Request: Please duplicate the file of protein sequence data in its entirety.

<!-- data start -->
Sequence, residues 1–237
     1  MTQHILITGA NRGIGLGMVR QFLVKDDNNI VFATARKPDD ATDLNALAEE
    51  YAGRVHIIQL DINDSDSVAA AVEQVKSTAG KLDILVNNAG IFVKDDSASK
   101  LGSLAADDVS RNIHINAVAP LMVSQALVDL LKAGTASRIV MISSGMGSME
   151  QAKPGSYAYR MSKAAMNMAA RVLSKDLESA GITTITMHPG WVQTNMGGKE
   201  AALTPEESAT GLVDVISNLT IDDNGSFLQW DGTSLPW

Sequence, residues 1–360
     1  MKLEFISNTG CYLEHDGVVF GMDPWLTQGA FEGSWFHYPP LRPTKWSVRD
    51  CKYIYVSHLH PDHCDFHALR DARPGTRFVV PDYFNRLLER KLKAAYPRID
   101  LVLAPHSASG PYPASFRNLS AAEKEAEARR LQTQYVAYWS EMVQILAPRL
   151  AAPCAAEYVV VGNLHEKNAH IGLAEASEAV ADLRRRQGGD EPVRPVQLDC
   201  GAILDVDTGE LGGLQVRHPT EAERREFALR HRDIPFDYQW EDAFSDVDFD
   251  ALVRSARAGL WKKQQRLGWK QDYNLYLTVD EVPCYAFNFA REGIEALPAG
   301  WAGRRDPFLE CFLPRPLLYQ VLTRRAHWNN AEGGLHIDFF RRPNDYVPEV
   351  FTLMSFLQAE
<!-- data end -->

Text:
Sequence, residues 1–237
     1  MTQHILITGA NRGIGLGMVR QFLVKDDNNI VFATARKPDD ATDLNALAEE
    51  YAGRVHIIQL DINDSDSVAA AVEQVKSTAG KLDILVNNAG IFVKDDSASK
   101  LGSLAADDVS RNIHINAVAP LMVSQALVDL LKAGTASRIV MISSGMGSME
   151  QAKPGSYAYR MSKAAMNMAA RVLSKDLESA GITTITMHPG WVQTNMGGKE
   201  AALTPEESAT GLVDVISNLT IDDNGSFLQW DGTSLPW

Sequence, residues 1–360
     1  MKLEFISNTG CYLEHDGVVF GMDPWLTQGA FEGSWFHYPP LRPTKWSVRD
    51  CKYIYVSHLH PDHCDFHALR DARPGTRFVV PDYFNRLLER KLKAAYPRID
   101  LVLAPHSASG PYPASFRNLS AAEKEAEARR LQTQYVAYWS EMVQILAPRL
   151  AAPCAAEYVV VGNLHEKNAH IGLAEASEAV ADLRRRQGGD EPVRPVQLDC
   201  GAILDVDTGE LGGLQVRHPT EAERREFALR HRDIPFDYQW EDAFSDVDFD
   251  ALVRSARAGL WKKQQRLGWK QDYNLYLTVD EVPCYAFNFA REGIEALPAG
   301  WAGRRDPFLE CFLPRPLLYQ VLTRRAHWNN AEGGLHIDFF RRPNDYVPEV
   351  FTLMSFLQAE